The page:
Cocode: Providing Social Presence with Co-learner Screen Sharing in Online Programming Classes
Jeongmin Byun, Jungkook Park, and Alice Oh
In Proceedings of the ACM on Human-Computer Interaction Vol. 5, No. CSCW2 (2021)

Social presence is known to be important for distance education, and a common approach in online classes is to provide chat boxes and forums to provide the social presence. In such a class, however, learners must explicitly act beyond their normal learning activities, so often there is no social presence in the class even when there are several learners working on the same course material. In this paper, we develop an approach where learners can share the social presence without any explicit action; their normal learning activities would be used to provide visual cues for social presence. We present Cocode, a system designed for an online programming class that shows other learners' code editors and running output in the programming environment with minimum privacy issues. For evaluation, we ran two user studies with groups of participants who took an offline class and an online programming class from the university; results from the studies showed that learners felt less social presence in Cocode than in offline classes, but they felt significantly more social presence in Cocode than in online classes with live video lectures, forums, and chat sessions.
Paper Demo

Pythonpad: Server-free Python Hands-on Exercise for Online Programming Classes
Jeongmin Byun, Jungkook Park, and Alice Oh
In Proceedings of the 52nd ACM Technical Symposium on Computer Science Education (2021)

We propose Pythonpad, an open-source JavaScript library that supports web-based Python programming exercises. Unlike other standalone web-based programming tools, Pythonpad can be easily integrated into other websites. Although it runs learners' Python code in client-side web browsers, Pythonpad supports file system, building and importing external modules, and many essential built-in Python libraries to teach basic programming concepts in CS1 classes.
Abstract Poster Website Demo

Detecting Contract Cheaters in Online Programming Classes with Keystroke Dynamics
Jeongmin Byun, Jungkook Park, and Alice Oh
In Proceedings of the Seventh ACM Conference on Learning at Scale (2020)

In online programming classes, it is tricky to uphold academic honesty in the assessment process. A common approach, plagiarism detection, is not accurate for novice programmers and ineffective for detecting contract cheaters. We present a new approach, cheating detection with keystroke dynamics in programming classes, and evaluated the approach.
Paper Video

Cocode: Co-learner Screen Sharing for Social Translucence in Online Programming Courses
Jeongmin Byun, Jungkook Park, and Alice Oh
In Extended Abstracts of the 2020 CHI Conference on Human Factors in Computing Systems (2020)

In this work, we present Cocode, an online learning system where learners can share their presence without any explicit action; their normal learning activities would signal co-learner presence. Cocode is a web application for online programming courses that shows other learners' code editors and running screens in the programming environment to the learners while working on exercises. Evaluation results show that Cocode makes learners work on more hands-on exercises.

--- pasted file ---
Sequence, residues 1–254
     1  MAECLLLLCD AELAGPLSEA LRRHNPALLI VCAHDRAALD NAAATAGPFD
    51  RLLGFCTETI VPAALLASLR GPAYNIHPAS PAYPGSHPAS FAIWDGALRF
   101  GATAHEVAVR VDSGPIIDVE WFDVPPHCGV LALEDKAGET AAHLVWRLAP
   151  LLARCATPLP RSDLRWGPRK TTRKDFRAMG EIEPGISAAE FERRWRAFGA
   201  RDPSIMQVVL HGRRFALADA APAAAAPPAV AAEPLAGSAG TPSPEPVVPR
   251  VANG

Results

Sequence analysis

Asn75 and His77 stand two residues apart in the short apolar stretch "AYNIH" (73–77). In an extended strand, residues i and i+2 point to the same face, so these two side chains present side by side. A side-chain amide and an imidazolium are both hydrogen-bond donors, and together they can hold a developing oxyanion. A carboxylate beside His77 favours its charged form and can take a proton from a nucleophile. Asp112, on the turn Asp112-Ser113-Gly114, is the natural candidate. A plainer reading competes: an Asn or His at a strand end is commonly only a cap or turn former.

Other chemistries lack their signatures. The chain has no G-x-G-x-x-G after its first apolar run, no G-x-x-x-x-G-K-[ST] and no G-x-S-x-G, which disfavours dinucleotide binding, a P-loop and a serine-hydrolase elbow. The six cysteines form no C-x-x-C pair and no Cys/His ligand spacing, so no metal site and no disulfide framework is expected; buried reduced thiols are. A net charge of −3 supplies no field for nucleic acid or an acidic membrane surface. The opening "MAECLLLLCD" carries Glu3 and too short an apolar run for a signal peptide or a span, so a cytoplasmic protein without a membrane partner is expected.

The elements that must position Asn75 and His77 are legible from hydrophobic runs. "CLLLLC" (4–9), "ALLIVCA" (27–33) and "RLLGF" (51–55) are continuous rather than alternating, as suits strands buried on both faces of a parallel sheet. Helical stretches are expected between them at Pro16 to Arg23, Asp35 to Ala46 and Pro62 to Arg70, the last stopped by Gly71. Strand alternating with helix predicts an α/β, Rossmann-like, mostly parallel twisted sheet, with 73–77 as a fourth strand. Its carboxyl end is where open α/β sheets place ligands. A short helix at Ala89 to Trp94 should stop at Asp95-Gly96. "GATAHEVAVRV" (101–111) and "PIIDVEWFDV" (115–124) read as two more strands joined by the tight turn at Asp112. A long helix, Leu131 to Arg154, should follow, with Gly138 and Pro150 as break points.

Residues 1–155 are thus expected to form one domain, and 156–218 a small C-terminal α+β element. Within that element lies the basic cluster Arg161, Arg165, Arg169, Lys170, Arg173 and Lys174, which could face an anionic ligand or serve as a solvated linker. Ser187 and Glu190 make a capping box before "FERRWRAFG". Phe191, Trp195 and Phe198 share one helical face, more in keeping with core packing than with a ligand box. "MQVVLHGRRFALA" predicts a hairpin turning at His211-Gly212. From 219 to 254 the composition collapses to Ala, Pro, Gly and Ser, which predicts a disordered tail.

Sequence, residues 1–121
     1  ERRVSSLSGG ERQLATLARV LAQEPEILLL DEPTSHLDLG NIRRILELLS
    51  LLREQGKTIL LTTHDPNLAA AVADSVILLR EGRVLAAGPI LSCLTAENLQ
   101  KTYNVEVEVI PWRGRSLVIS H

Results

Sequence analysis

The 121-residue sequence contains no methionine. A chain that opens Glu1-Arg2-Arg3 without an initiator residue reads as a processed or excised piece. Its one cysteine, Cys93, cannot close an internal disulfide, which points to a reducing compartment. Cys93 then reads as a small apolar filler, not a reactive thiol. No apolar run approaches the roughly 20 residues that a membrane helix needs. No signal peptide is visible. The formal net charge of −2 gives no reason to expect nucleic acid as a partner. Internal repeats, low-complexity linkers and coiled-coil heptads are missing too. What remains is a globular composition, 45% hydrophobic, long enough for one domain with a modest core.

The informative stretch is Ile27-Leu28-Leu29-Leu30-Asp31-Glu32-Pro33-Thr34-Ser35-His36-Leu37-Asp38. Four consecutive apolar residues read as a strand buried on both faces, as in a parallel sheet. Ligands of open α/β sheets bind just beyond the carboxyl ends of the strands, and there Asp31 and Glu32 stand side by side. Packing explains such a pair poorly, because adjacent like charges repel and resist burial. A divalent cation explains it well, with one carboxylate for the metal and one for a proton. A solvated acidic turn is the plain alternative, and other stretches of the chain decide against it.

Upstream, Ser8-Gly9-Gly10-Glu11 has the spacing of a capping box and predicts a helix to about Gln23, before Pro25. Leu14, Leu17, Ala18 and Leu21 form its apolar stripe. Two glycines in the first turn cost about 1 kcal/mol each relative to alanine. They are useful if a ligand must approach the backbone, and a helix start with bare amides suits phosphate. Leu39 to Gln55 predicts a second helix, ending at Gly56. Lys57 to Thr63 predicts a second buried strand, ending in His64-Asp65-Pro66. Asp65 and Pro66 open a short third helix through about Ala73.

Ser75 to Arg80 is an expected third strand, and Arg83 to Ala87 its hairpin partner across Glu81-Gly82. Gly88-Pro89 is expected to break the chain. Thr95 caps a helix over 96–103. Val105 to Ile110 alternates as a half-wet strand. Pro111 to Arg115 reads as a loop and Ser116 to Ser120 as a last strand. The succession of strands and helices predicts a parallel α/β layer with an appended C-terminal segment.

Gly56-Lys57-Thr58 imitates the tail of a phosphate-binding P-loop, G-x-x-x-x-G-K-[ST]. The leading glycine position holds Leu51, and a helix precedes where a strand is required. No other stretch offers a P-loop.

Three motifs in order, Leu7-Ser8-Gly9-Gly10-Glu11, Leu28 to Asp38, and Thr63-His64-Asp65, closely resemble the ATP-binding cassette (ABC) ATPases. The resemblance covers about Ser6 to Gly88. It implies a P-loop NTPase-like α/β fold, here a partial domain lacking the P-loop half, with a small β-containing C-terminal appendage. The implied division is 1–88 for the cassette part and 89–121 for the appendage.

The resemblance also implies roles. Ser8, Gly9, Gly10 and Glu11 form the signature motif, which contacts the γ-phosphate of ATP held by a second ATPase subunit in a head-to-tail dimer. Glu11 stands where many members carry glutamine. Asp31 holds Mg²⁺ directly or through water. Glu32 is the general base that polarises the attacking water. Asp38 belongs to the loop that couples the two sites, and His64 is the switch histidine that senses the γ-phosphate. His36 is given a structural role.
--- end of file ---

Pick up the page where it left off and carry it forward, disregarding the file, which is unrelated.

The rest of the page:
Paper Video

Subword-level Word Vector Representations for Korean
Sungjoon Park, Jeongmin Byun, Sion Baek, Yongseok Cho, and Alice Oh
In Proceedings of the 56th Annual Meeting of the Association for Computational Linguistics (2018)

In this paper, we improve distributed word representations for Korean language by decomposing words into the consonants and vowels to use the subword information. To evaluate the vectors, we develop Korean test sets for word similarity and analogy and make them publicly available. The results show that our simple method outperforms word2vec and character-level Skip-Grams on semantic and syntactic similarity.

Understanding Editing Behaviors in Multilingual Wikipedia
Sungjoon Park, Suin Kim, Scott A. Hale, Sooyoung Kim, Jeongmin Byun, and Alice Oh
PLOS ONE (2016)

We study multilingualism by collecting and analyzing a large dataset of the content written by multilingual editors of the English, German, and Spanish editions of Wikipedia. We analyze these multilingual editors in terms of their engagement, interests, and language proficiency in their primary and non-primary (secondary) languages and find that the English edition of Wikipedia displays different dynamics from the Spanish and German editions. Users primarily editing the Spanish and German editions make more complex edits than users who edit these editions as a second language. In contrast, users editing the English edition as a second language make edits that are just as complex as the edits by users who primarily edit the English edition. In this way, English serves a special role bringing together content written by multilinguals from many language editions. ...

Multilingual Wikipedia: Editors of Primary Language Contribute to More Complex Articles
Suin Kim, Sungjoon Park, Scott A. Hale, Sooyoung Kim, Jeongmin Byun, and Alice Oh
Wiki Workshop at the 9th International AAAI Conference on Weblogs and Social Media (2015)

For many people who speak more than one language, their language proficiency for each of the languages varies. We identify Wikipedia as a great resource for studying multilingualism, and we conduct a quantitative analysis of the language complexity of primary and non-primary users of English, German, and Spanish. Our preliminary results indicate that there are indeed consistent differences of language complexity in the Wikipedia articles chosen by primary and non-primary users, as well as differences in the edits by the two groups of users.